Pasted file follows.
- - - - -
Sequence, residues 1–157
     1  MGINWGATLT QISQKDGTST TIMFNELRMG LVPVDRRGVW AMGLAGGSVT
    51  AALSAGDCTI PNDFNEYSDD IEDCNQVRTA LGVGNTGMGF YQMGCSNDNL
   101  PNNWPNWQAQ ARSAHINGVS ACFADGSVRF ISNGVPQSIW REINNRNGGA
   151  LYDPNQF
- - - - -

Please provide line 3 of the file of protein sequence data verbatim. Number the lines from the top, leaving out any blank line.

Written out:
    51  AALSAGDCTI PNDFNEYSDD IEDCNQVRTA LGVGNTGMGF YQMGCSNDNL